Elle Fanning suffers from no such issues. Mary Shelley at last gives us the woman that we see in her writings and in the many biographies that have been written about her since the landmark Romance and Reality by the late great Emily W. Sunstein.
The very first thing we see Mary do in this movie is write. She’s sitting at the grave of her mother, scribbling down words. Wollstonecraft’s grave is her sanctuary—it’s where she and Percy later have their illicit meetings—as it’s the only place she can get away from her stifling home life. Wollstonecraft died in childbirth, and Godwin remarried to a woman with no intellectual curiosity, but who could help raise his children and also manage his business. Godwin and Wollstonecraft were radicals and believers in (among other things) free love. But as he aged, Godwin became more traditional. He condemned Mary and Percy for their relationship (Percy was still married with children at the time), despite Percy’s patronage helping to keep Godwin’s business from falling apart.
Fanning plays Mary with a passion for learning and for writing and for life that is a wonder to behold. She’s not always gripped with that passion—after the death of her daughter, Clara, she falls into a deep depression that she never completely comes out of—but it never goes entirely away, either.
What’s most impressive about Emma Jensen’s script is that it fully understands the themes of Frankenstein and how much of it was influenced by Mary’s own life. The primary theme of Frankenstein is not that science is bad, as many have insisted, but that one must claim responsibility for one’s actions, which do have consequences. The issue in the novel isn’t that Victor Frankenstein created a monster, it’s that he abandoned his creation, and that abandonment is what turned the creature into a monster. Mary spends the entire movie feeling abandoned: initially by her mother, who died in childbirth; by her father, who at once encourages her to read and write, yet stifles her ability to express her intelligence and her passion; routinely by Percy; by London society when she takes up with a married man. It’s no wonder her greatest work is about an abandoned creation turning evil.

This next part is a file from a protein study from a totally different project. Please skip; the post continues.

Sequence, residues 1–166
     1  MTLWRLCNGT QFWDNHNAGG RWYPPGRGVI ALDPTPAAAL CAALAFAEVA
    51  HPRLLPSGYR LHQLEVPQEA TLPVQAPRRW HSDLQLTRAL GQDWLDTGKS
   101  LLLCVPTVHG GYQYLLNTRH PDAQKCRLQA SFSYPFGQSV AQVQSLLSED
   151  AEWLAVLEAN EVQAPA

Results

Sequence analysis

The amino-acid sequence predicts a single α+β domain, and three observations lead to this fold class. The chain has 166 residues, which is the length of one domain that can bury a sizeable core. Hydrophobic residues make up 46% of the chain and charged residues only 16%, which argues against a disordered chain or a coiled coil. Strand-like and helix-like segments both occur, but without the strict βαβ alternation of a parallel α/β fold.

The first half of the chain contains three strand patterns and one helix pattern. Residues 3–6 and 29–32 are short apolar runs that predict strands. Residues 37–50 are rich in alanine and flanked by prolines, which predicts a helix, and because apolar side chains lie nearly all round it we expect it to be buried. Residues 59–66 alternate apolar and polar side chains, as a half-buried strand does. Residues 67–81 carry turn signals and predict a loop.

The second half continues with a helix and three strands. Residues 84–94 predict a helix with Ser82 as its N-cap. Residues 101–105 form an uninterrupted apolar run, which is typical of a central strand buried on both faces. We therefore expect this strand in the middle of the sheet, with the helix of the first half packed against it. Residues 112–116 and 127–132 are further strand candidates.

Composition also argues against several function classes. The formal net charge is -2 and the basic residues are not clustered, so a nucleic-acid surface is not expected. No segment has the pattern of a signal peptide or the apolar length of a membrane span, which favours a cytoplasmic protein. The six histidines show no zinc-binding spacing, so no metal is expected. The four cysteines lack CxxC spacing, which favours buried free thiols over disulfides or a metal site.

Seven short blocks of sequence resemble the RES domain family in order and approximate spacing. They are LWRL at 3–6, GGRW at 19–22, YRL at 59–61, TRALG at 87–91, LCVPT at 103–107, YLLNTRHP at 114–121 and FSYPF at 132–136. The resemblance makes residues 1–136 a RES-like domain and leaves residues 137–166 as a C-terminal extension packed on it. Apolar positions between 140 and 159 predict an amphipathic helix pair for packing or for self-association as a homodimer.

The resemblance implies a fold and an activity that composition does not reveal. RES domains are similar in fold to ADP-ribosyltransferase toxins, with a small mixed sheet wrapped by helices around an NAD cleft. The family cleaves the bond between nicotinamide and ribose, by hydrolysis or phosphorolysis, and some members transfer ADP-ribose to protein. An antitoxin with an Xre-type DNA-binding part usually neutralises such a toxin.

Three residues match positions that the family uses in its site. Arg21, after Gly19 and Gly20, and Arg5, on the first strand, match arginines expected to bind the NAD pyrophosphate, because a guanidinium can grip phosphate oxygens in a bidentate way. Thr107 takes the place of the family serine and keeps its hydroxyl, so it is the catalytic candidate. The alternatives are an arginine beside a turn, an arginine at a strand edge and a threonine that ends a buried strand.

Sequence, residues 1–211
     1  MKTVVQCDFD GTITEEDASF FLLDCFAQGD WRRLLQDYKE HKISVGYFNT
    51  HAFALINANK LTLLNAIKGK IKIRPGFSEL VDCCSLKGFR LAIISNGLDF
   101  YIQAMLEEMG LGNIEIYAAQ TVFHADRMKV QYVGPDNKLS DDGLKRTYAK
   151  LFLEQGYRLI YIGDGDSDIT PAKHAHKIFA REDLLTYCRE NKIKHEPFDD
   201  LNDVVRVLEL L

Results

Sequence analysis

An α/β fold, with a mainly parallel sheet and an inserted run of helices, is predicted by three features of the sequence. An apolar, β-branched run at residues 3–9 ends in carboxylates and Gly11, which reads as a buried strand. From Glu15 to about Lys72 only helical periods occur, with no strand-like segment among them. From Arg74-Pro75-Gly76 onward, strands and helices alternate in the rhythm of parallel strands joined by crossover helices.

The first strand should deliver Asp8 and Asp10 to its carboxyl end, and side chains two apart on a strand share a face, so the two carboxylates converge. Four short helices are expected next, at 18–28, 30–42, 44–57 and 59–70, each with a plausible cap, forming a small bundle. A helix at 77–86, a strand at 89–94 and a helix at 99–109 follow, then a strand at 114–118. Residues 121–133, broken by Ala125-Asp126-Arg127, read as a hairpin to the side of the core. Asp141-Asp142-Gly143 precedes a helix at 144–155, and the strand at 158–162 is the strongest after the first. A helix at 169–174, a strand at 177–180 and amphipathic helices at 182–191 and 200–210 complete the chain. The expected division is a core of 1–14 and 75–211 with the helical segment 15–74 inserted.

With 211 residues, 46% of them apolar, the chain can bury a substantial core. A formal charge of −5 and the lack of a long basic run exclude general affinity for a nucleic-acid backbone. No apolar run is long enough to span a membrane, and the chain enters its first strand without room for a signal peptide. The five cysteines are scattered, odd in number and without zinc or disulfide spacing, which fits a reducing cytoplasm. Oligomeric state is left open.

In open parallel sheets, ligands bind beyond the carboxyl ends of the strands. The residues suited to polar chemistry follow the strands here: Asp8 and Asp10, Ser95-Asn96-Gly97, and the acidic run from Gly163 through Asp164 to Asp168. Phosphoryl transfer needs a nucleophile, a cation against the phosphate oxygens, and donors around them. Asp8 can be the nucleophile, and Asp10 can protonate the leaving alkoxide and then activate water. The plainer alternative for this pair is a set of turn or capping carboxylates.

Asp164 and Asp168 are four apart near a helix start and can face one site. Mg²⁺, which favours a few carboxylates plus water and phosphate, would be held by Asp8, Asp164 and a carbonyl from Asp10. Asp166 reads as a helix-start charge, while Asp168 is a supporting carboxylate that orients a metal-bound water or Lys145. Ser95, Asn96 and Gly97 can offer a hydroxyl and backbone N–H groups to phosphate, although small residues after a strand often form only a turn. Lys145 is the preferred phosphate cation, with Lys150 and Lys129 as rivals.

The montage of scenes of Mary writing the novel (which includes flashbacks to other events in the movie as well as past instances of her writing) show the fervor with which she creates this germinal work. Every writer will recognize the compulsion in those scenes, the overriding need to get the words down, to get that particular story told.
Mary Shelley is all about actions having consequences, and how people deal with them, and it’s the title character who does the best job of doing so. Certainly her eventual husband doesn’t.
There are two things about this movie that are particularly admirable, beyond its excellent portrayal of its title character. One is that it is fully aware of the issues of class. None of the previous screen interpretations of this particular gaggle of creative types ever really dealt with that elephant in the room, focusing primarily on the scandals and the social interactions, but money was a huge part of everything that happened to the Shelleys. Godwin had to rein in his radical impulses because he had to make compromises for his children and his business. Percy’s position as a scion of a wealthy family put him in a position to be a radical (proposing such things as free love and atheism) without having to worry about consequences—at least until his father cut him off. (Running away from creditors was a constant theme in his life, and we see it a couple of times here.) Meanwhile, Byron can pretty much do as he pleases because he is a lord—his wealth gives him the freedom to behave as he will and to buy off consequences. And Clair simply wants to be away from the horrible lower-middle-class life she’s living, which is why she goes after Byron.